Analysis: Normal police pension fund saw 30% shortfall in city contribution in 2016
Of the 651 fire and police pension funds in Illinois, more than 400 were underfunded by cities in 2016, including five funds serving cities in McLean County.
A Wirepoints analysis of the latest data from the Illinois Department of Insurance shows two-thirds of the state’s 355 police pension funds and 60 percent of its firefighter pension funds did not receive as much from municipalities as they should have under state law.
If municipalities continue falling short of their required contributions, they could end up in the same boat as Harvey, where a state court ordered the city to increase property taxes to fully fund the Harvey firefighter pensions. The firefighter pension fund was only 22 percent funded.
“Now, the state has stepped in on behalf of Harvey’s police pension fund,” Wirepoints reported. “The state comptroller has begun garnishing the city’s tax revenues to make up what the municipality failed to contribute. In response, the city has announced that 40 public safety employees will be laid off.”
A 2011 law requires the state comptroller to step in like it has in Harvey, intercepting revenue from taxes collected by the state that would usually go to municipalities.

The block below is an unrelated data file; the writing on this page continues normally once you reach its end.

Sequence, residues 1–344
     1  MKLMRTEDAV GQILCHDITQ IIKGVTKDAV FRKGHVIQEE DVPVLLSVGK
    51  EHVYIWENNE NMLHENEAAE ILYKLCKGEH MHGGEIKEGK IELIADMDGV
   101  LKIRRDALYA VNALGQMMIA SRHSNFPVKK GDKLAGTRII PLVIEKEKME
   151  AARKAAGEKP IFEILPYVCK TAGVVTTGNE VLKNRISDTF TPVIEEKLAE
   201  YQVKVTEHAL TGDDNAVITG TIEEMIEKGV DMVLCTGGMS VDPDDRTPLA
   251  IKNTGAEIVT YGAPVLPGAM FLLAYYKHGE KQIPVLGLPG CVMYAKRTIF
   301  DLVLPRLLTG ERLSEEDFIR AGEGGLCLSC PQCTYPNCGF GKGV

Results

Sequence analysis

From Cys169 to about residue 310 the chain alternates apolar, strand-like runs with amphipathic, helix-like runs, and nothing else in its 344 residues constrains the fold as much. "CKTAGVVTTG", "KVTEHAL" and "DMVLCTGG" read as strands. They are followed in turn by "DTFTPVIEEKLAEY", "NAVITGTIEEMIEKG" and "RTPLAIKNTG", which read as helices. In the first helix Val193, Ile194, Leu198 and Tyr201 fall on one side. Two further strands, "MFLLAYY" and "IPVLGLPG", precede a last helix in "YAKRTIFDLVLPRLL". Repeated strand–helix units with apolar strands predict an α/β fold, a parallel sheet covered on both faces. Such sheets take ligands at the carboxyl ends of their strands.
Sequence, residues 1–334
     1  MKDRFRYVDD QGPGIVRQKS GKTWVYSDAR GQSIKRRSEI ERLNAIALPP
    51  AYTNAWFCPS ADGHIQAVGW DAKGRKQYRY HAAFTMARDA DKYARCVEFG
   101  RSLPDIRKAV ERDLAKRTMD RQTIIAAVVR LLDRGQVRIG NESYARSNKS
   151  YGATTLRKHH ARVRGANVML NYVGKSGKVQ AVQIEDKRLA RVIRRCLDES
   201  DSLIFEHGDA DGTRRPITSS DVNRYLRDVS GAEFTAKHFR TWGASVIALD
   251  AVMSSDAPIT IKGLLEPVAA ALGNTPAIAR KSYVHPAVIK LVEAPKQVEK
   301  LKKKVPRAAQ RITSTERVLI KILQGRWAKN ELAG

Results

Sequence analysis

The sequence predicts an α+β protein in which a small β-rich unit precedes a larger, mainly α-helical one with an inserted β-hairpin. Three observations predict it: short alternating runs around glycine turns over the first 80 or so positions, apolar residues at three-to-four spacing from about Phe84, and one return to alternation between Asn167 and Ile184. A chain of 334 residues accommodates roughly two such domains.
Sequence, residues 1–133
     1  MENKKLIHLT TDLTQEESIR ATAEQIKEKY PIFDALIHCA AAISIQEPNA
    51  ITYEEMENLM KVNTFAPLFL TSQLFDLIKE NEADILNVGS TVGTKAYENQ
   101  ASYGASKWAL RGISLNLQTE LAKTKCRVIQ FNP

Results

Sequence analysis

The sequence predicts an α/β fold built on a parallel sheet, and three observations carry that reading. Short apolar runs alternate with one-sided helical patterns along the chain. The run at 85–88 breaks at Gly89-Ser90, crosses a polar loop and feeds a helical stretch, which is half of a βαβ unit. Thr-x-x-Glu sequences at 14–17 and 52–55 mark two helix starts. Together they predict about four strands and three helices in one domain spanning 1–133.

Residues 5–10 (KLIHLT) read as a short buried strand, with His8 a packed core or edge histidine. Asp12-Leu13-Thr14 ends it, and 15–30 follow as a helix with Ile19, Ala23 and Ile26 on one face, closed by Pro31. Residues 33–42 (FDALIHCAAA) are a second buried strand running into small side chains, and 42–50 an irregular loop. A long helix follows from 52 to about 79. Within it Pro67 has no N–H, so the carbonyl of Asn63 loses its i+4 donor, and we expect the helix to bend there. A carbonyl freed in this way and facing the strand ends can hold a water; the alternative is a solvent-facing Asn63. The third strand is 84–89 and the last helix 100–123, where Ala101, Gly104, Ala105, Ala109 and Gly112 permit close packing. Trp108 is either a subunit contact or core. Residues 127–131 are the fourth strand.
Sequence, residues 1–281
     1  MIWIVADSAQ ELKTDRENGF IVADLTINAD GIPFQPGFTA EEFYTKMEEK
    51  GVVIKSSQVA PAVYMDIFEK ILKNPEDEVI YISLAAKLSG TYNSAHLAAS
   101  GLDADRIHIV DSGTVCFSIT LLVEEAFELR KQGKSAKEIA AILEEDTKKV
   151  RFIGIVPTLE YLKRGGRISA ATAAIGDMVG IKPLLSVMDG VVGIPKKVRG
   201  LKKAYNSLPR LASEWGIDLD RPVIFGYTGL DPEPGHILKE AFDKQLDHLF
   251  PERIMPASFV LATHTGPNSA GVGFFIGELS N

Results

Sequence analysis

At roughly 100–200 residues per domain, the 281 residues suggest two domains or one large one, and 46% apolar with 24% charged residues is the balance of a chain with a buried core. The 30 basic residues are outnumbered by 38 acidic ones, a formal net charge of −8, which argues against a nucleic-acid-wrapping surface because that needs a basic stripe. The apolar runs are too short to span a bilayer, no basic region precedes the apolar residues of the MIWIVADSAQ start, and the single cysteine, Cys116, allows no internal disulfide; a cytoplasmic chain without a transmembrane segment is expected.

“Harvey may be the first city to suffer garnishment, but it won’t be the last,” Wirepoints reported. “Illinois has a $10 billion downstate pension crisis – made up of municipal police and firefighter pension funds – that is separate from the state’s own $130 billion crisis.
“Some public safety funds are in good shape, but the majority are in trouble. And a growing number are approaching total insolvency. More than half of Illinois’ 651 public safety funds are less than 60 percent funded.”
Which public safety pension funds aren’t fully funded?
|Fund||2016 funding ratio||Total required contribution||Actual city contribution||2016 contribution (shortfall) / surplus||Percent shortfall / surplus|